Blue Jays and Stellar’s Jays
Guest blog contribution from Steven Price, President, Birds Studies Canada.
East of the Rockies, Blue Jays are familiar to most gardeners, cottagers, and backyard bird enthusiasts. (And major league baseball fans, too!) Jays store food for future use, so you may see them filling up frequently at bird feeders.
Photo Credit: Ron Ridout
When cleaning my eavestroughs each fall, I usually find several unshelled peanuts! A squawky jay-jay call boldly announces their arrival, but listen too for a rusty-hinge squeak. More than once I’ve heard the loud keyeer shriek of a Red-tailed Hawk, only to look up and see a Blue Jay, perhaps mimicking the hawk to clear the feeder of other birds before gorging. Larger seeds and peanuts will attract Blue Jays, as will an oak tree laden with acorns.
In fact, their fondness for burying acorns is thought to have helped oaks spread after glaciation – a bright blue reminder that species are key parts of larger ecosystems supporting all life on Earth.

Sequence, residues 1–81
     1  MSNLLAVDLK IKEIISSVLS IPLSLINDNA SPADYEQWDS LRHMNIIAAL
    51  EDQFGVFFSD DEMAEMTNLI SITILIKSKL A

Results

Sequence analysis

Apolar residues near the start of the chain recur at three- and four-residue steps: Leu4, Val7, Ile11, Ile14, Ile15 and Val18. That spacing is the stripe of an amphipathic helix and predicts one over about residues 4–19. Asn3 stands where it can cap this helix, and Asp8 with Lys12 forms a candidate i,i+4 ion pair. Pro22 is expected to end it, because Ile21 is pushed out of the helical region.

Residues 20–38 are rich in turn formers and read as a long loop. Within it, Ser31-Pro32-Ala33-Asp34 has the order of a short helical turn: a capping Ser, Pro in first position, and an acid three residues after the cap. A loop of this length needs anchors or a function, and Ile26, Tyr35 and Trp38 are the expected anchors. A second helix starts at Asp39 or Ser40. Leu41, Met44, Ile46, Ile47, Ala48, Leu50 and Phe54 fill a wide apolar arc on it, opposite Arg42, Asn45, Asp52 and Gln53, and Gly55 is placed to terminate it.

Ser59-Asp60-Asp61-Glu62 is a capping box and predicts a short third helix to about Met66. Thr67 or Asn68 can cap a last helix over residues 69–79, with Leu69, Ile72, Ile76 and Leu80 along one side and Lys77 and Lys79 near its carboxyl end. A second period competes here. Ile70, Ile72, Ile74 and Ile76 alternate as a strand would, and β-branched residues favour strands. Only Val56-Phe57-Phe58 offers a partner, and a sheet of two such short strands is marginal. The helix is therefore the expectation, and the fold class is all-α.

Steller’s Jays are found in British Columbia and occasionally Alberta, from the Canadian Rockies westward. I’ve often noticed them high up in trees or been surprised by them swooping by.
Photo Credit: May Haga
These jays are at home in mountain evergreen forests, but frequently visit backyards, farms, parks, and campgrounds. Be alert – they can be swift, silent thieves of unattended picnics! Like many jays and their cousins the crows and ravens, Steller’s Jays expertly imitate the sounds of other birds, and even cats and dogs. They eat what’s available, including a wide range of wild fruits, seeds, nuts, insects, and most offerings at bird feeders.
They’ll happily raid your feeder of considerable bounty, hiding it around the landscape and showing a pretty impressive memory of where they’ve cached food. Other bird and mammal scavengers also benefit from this food disperser. The beautiful and intelligent Steller’s Jay is the provincial bird of British Columbia – in my view, a great winged choice to represent the province.
Bird Studies Canada